Magnetoresistive memory cells (MMC) are useful in memory devices, such as magnetoresistive random access memory (MRAM) devises. The basic structure for a typical MMC includes a magnetic tunnel junction (MTJ), which has a pinned layer, a free layer, and a tunneling layer sandwiched between the pinned and free layers. The pinned layer has a pinned magnetic moment that has a fixed direction under operating conditions and the free layer has a free magnetic moment that can change direction under an applied field. Depending on the direction of the free magnetic moment in the free layer, the electrical resistance of the cell changes. Typically, the free magnetic moment is switched between two opposite directions by applying a switching magnetic field. Thus, the cell has two possible states and can store a binary data bit. To change the cell state, i.e. write a data bit to it, an appropriate switching field is generated using electrical current and applied to the cell. To detect the cell state, i.e. read the data bit stored, the electrical resistance of the cell is measured.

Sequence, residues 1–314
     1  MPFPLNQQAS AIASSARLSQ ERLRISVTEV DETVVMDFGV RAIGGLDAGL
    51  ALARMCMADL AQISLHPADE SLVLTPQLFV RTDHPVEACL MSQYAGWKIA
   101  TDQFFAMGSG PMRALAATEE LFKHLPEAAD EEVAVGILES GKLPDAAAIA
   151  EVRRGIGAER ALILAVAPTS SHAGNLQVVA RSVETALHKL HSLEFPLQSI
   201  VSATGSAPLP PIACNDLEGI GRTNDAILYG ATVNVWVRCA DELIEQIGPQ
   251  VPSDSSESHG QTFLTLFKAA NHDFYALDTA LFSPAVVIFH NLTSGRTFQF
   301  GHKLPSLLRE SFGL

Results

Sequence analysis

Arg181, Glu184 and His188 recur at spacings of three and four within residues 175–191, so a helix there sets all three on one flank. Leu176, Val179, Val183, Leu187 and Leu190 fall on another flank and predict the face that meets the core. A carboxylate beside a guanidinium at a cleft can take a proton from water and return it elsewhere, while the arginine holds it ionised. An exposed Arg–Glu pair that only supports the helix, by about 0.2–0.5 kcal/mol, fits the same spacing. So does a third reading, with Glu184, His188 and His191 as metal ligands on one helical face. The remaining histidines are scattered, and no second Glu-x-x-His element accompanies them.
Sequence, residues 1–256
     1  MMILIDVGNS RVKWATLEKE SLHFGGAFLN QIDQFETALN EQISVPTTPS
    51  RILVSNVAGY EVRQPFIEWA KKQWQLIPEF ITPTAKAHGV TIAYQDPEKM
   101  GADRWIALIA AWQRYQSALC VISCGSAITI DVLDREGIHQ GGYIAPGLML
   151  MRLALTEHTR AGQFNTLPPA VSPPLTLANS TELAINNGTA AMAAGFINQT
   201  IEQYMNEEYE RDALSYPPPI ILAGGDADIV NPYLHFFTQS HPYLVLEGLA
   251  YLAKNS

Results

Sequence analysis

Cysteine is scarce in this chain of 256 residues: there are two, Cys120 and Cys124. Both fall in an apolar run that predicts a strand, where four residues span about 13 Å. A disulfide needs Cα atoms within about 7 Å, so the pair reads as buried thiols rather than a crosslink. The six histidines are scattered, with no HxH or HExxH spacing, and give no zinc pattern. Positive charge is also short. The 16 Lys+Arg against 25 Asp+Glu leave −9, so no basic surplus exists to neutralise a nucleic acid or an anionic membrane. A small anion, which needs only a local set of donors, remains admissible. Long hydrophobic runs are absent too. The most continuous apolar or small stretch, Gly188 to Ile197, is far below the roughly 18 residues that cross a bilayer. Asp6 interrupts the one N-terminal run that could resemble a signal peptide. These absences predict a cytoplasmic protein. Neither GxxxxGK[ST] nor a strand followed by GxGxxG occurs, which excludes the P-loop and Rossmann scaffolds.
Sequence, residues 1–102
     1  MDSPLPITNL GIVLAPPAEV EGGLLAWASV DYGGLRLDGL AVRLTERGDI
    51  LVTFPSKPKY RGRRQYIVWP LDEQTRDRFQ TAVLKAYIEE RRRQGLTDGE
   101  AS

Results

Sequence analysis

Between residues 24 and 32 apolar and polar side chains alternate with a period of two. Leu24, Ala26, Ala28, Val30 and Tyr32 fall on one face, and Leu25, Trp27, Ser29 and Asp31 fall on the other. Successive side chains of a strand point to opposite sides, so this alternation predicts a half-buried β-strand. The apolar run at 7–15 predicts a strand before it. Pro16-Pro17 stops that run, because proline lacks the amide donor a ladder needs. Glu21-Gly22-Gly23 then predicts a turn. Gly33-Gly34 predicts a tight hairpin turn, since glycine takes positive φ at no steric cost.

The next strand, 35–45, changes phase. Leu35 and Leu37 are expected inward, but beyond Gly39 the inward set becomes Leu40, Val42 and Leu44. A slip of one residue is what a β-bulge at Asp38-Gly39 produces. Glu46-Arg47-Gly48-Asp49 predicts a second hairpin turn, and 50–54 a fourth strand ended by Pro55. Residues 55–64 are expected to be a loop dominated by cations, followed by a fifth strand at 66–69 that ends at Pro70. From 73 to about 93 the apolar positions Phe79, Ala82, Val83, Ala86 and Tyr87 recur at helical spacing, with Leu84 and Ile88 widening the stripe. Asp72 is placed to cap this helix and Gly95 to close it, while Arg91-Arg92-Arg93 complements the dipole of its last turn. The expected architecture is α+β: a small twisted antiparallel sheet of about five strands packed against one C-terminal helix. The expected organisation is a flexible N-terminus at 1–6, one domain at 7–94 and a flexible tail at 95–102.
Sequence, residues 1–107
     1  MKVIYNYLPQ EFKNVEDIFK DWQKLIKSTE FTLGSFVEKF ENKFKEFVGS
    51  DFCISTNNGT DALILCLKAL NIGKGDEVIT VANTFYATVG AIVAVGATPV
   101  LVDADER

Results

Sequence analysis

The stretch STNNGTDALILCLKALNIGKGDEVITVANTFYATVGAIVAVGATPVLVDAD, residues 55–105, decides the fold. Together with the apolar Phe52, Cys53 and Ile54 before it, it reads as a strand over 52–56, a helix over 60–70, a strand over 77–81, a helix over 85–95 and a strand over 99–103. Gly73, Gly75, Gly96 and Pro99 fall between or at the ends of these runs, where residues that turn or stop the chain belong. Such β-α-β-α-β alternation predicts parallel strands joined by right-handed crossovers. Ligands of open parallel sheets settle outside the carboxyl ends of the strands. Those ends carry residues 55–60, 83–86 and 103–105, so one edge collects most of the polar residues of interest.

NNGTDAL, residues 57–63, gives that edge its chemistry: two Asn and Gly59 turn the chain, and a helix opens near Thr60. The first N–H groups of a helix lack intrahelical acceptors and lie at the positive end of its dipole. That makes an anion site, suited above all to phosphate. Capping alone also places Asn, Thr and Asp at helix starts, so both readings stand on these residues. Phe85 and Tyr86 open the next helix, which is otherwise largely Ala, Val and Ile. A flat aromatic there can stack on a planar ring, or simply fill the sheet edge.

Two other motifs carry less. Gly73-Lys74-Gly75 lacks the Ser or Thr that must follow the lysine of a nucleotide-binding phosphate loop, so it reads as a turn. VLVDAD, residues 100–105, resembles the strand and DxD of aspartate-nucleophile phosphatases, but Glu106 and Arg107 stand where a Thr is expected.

In a particular conventional MMC, each of the pinned and free layers has a tri-layer structure, known as the synthetic anti-ferromagnetic (SAF) structure, which includes two ferromagnetic layers and an anti-ferromagnetic coupling layer sandwiched therebetween. The two ferromagnetic layers are anti-ferromagnetically coupled and their easy axes are aligned so that in the absence of an applied field, the magnetic moments of the two layers are anti-parallel, thus acting as balancing magnetic moments with respect to each other. The magnetic moments of the ferromagnetic layers in the pinned layer are fixed. The net magnetic moment of the pinned layer can be non-zero (unbalanced) or zero (balanced). The magnetic moments of the two ferromagnetic layers of the free layer can be reversed in direction when a switching field is applied to the free layer. The electrical resistance of the cell is dependent on the direction of the magnetic moment in the ferromagnetic layer (referred to herein as the junction layer) of the free layer that is adjacent to the tunneling layer. When the free layer is unbalanced, the threshold for the switching field is reduced. The MMC can be configured so that it can be written in either a direct mode (only available if the free layer is unbalanced) or a toggle mode (available when the free layer is balanced). In the direct mode, the threshold for the switching field is reduced and the cell state after each write depends on the direction of the applied switching field but independent of the initial state of the cell. In the toggle mode, each write switches (toggles) the state of the cell regardless of its initial state and the direction of the applied switching field.